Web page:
By Attorneys Robert L. Reeves and Joseph I. Elias
The United States Citizenship and Immigration Services (USCIS) recently issued a policy memorandum binding to its officers regarding unlawful presence. The memorandum is supposed to merely consolidate and clarify all previous memos on the subject. Yet, the memo created a class of deportable immigrants who are in their final stage of the green card process. In one fell swoop, a whole new class of adjustment of status applicants are categorically at risk of deportation.
Adjustment applicants are officially deemed to be in a period of stay authorized by the Department of Homeland Security (DHS). Prior to the new memo, this was generally understood to mean that even if non-immigrant status lapsed, an adjustment applicant was “authorized to stay” and was not deportable while his adjustment application was in process.
Based on this understanding, many adjustment applicants in H, L or E visa status chose not to renew their status. Adjustment applicants could obtain work authorization separately, so, there was no apparent need to extend working visas. Many adjustment applicants determined the thousands of dollars in immigration fees and legal costs needed for extending status were unnecessary, consequently, they elected not to renew their previous non-immigrant status.
The new memo drastically changes this interpretation. The new policy now states that if an adjustment applicant does not timely renew his non-immigrant status, even if he is in a period of stay authorized by DHS, he becomes subject to deportation because he has remained in the US after the expiration of his non-immigrant status. Based on this new guidance, all adjustment applicants that can renew, should renew their non-immigrant visa statuses before their expiration in order to avoid being found deportable.
For many adjustment applicants, this will be virtually impossible because of either a cap on their non-immigrant status, or inconsistencies with the status’ intent. A cap limitation example is the L-1A status which is limited to a maximum of seven years. If an adjustment applicant has already completed seven years in L-1A status, he cannot file an extension. An example illustrating inconsistent intents is when one has filed an adjustment application while in B-2 visitor status. The B-2 status does not allow one to have the intent to permanently immigrate to the US. A person in this situation could not file a B-2 extension since he has already shown he intends to immigrate permanently by filing an adjustment application.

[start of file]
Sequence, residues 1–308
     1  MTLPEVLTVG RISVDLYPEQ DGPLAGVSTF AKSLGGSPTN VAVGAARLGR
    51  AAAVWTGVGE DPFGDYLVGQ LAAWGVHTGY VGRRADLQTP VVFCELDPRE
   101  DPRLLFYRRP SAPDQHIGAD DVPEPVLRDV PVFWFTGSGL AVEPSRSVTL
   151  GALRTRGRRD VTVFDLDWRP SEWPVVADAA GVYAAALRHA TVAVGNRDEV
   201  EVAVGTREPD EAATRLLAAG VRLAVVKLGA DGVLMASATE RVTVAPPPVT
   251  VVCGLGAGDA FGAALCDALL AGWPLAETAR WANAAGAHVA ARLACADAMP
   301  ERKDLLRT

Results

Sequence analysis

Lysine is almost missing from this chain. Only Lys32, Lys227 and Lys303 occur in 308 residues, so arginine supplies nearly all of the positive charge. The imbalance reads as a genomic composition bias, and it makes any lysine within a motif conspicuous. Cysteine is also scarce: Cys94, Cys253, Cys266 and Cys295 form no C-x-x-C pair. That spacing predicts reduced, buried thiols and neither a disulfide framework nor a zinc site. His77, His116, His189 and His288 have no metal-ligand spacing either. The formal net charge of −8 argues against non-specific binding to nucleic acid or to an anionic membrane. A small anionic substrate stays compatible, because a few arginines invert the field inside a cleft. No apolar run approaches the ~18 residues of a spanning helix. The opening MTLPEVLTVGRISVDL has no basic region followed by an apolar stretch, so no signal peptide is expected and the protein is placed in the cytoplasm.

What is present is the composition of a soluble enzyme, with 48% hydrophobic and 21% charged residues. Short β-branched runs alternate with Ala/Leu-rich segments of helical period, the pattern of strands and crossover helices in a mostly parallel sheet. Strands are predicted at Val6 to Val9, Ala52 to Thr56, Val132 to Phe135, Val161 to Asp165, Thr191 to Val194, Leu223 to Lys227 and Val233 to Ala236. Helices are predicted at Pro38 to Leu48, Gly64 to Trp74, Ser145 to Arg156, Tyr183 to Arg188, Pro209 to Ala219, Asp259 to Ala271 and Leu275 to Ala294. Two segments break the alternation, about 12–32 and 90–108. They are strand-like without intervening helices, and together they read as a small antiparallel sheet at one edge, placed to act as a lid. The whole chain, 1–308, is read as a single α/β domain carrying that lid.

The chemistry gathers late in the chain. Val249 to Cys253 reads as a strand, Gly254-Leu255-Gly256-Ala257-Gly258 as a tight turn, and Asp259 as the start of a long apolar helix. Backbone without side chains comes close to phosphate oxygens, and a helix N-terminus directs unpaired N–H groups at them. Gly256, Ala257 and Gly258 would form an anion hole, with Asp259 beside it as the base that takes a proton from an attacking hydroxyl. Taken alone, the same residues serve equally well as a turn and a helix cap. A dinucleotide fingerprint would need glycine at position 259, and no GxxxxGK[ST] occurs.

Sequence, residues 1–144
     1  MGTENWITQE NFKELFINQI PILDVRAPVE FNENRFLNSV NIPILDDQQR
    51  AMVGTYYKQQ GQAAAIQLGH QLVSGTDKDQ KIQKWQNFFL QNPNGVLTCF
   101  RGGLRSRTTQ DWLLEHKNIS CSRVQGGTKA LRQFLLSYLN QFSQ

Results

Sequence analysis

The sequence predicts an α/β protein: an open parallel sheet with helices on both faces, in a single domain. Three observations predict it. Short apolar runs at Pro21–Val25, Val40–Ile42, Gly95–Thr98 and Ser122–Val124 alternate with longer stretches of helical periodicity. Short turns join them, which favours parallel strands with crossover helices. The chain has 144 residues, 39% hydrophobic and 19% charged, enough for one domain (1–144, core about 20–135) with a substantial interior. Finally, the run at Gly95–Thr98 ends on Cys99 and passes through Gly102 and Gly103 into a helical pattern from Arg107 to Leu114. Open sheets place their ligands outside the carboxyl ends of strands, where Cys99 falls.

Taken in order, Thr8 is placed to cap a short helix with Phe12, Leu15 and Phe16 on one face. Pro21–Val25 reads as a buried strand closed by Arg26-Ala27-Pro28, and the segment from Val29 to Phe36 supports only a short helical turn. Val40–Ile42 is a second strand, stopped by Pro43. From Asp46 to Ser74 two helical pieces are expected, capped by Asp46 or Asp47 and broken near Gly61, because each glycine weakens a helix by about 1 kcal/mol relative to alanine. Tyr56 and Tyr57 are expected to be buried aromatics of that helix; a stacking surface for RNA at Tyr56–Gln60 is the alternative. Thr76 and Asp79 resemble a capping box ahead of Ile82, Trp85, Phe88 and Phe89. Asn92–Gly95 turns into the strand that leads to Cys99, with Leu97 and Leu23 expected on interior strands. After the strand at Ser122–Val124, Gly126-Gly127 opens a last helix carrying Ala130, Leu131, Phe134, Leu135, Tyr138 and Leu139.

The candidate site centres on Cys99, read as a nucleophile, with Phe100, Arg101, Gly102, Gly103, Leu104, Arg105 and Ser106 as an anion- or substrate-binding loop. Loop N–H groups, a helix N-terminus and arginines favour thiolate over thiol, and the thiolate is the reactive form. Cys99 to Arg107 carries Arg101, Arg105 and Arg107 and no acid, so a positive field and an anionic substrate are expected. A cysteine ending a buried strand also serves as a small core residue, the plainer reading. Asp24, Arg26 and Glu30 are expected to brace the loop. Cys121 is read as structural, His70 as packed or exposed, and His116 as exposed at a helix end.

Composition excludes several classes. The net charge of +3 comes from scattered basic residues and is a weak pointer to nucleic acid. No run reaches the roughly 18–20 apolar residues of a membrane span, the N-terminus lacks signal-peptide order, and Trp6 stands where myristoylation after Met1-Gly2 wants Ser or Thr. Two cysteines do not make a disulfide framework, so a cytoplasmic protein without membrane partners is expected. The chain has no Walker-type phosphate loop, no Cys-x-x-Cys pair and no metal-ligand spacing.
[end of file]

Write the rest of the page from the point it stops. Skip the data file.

This new interpretation of the law has draconian consequences. Immigration practitioners across the country have vehemently protested the new policy memorandum. The voice of concern was so loud that the USCIS notified the American Immigration Lawyers Association (AILA) at the AILA national conference held in June that the memo is a compilation of current guidance, and is not meant to be a reinterpretation or change of policy. Nevertheless, until the USCIS instructs its adjudicators otherwise, adjustment of status applicants that can renew their non-immigrant status must renew their status to avoid a ground of deportation. Those who cannot renew status should determine if there is a viable non-immigrant status that they can switch to.
This memo impacts intending immigrants, their families, employers and the communities in which they have legally resided in. Additional financial and bureaucratic burdens are being imposed on those impacted. The risk of not complying with the burdens can result in deportation. The only certainty we have is that one’s obligation to remain in status does not end until one becomes a permanent resident.
The USCIS is turning the green card process into some sort of a sporting contest with severe consequences if you lose. We highly recommend you hire a good legal coach in order to avoid the numerous traps and come out as a winner.